Monday, June 27, 2022
Wednesday, June 15, 2022
Saturday, June 4, 2022
Waclaw Szpakowski (1883-1973) was a Polish architect and engineer who designed abstract drawings with ink and grid paper. He began his drawings at the age of 17 and refined them over his lifetime. His ink drawings have very precise properties with straight lines drawn at right angles to one another which never intersect. Szpakowski created his drawings with lines that were 1mm thick and 4 mm apart. The ink drawings take on a rhythmical pattern starting on the left side of the page and ending on the right side. The movement of each design creates a maze of lines. The viewer of his drawings will ponder how the drawing was created by following the lines with their eyes to see where the line will take them. Where is the repeat in the pattern? Is the pattern flipped or was it repositioned? The patterns have a lot of movement in them and as a result, optical illusions of different patterns can be seen.
Waclaw Szpakowski published an album of sketches when he was 85 years old called "Rhythmical Lines"which displays the simplicity of the line and the geometric relationships between the lines. He described his works as "drawings of linear ideas" and by viewing his works, it shows the visual harmony of the "mathematical order of the universe" which includes symmetry and rhythmical balance.
I coded a few of Waclaw's Szpakowski's designs in TurtleStitch and decided that I could create a basic TurtleStitch template to code Szpakowski's drawings because I used the same commands repeatedly. Here is the template that I created. https://www.turtlestitch.org/run#cloud:Username=Elaine&ProjectName=Waclaw%20Szpakowski%20Basic%20Commands
The basic template that I created includes the following:
+ A size(scaling) factor and a width variable so that the design can be resized easily for embroidery with different hoop sizes.
+Variables with basic values. In my early attempts to code Waclaw's designs, I used mathematical equations to move the turtle. Subsequently, I determined that it is easier to have a set value for the turtle to move because of debugging. It is easier to see where the incorrect value is without having to do a computation.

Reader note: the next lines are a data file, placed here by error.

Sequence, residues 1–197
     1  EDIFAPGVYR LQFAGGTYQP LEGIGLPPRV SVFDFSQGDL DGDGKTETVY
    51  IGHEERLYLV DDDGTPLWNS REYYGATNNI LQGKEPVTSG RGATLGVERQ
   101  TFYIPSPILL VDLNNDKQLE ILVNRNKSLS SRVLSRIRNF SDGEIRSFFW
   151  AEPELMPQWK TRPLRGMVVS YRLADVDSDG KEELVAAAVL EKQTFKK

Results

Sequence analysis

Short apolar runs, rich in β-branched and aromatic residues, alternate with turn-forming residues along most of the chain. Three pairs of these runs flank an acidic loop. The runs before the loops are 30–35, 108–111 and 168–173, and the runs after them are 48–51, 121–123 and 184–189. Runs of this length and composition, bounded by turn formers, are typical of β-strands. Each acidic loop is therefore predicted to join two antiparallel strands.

+ Many of Waclaw's patterns are repeated from left to right across the design and a block command can be written for the code. By pointing the turtle in the upward position (point in direction 0), the block can then be repeated or flipped easily.
+ I created two simple turn and move blocks for the turtle, a "Turn Left 90 Degrees" block and a "Turn Right 90 Degrees" block. Both of these blocks turn and move the turtle in their corresponding direction and allow for resizing and flipping. I used a flip factor equation so that the design can be flipped and the TurtleStitch code can be reused by assigning a flip value.
Before I explain my flip factor equation, I will explain how an object is flipped over the y-axis.
Using this code, I recreated seventy of Waclaw Szpakowski's works in TurtleStitch. https://www.turtlestitch.org/projects/g/search/waclaw%20szpakowski.
I did this by copying each of Waclaw's Szpakowski's designs and placing it in the Silhouette software. Whereby I was able to resize and overlay a series of blocks on top of each design. I was then able to determine the numbers of steps needed to complete each line by counting the blocks and coding it using the TurtleStitch software.
In the following photos, I exported the coded images as an SVG in TurtleStitch and copied it into the Silhouette Cameo software where I was able to print the designs using an ink pen and Foil Quill on 65 lb. cardstock.
Monday, May 30, 2022
Monday, May 2, 2022
This sea creature snow globe uses the rubber band pop-up mechanism that was created in my previous two blog postings. https://papercraftetc.blogspot.com/2022/04/a-stem-project-making-pop-up-base-for.html and https://papercraftetc.blogspot.com/2022/04/a-stem-project-resizing-slice-form.html
Sunday, April 24, 2022
After making the slice form sphere with a pop-up base. I tried to insert the pop-up into an A7 envelope. Much to my disappointment, it was too big by 1/4 inch. Typically, slice forms can not be resized because the slits in the paper need to accommodate the thickness of a piece of paper.
I looked at the original size of the slits of the slice form sphere and they were .02 inches wide. The slits in the slice form base were a little smaller at .17 inches wide. I know that the slits can be as tight as .15 inches wide (not optimal but it does work). Resizing the design would be easy with the Silhouette software, so there is no harm in trying this method before redoing the slice form models. To resize the 4 inch slice form sphere to a 3 3/4 inch sphere. I calculated that I needed a .9375 scaling factor.
3.75/4 = .9375 scaling factor
Saturday, April 23, 2022
In this blog posting, I will make a pop-up base for the slice form sphere that was created in a previous blog posting, https://papercraftetc.blogspot.com/2020/10/a-stem-project-how-to-make-slice-form.html#comment-form The entire design, slice form sphere, slice form base and pop-up base can lay flat as a two dimensional object and then it can be expanded into a three dimensional model with the help of a rubber band.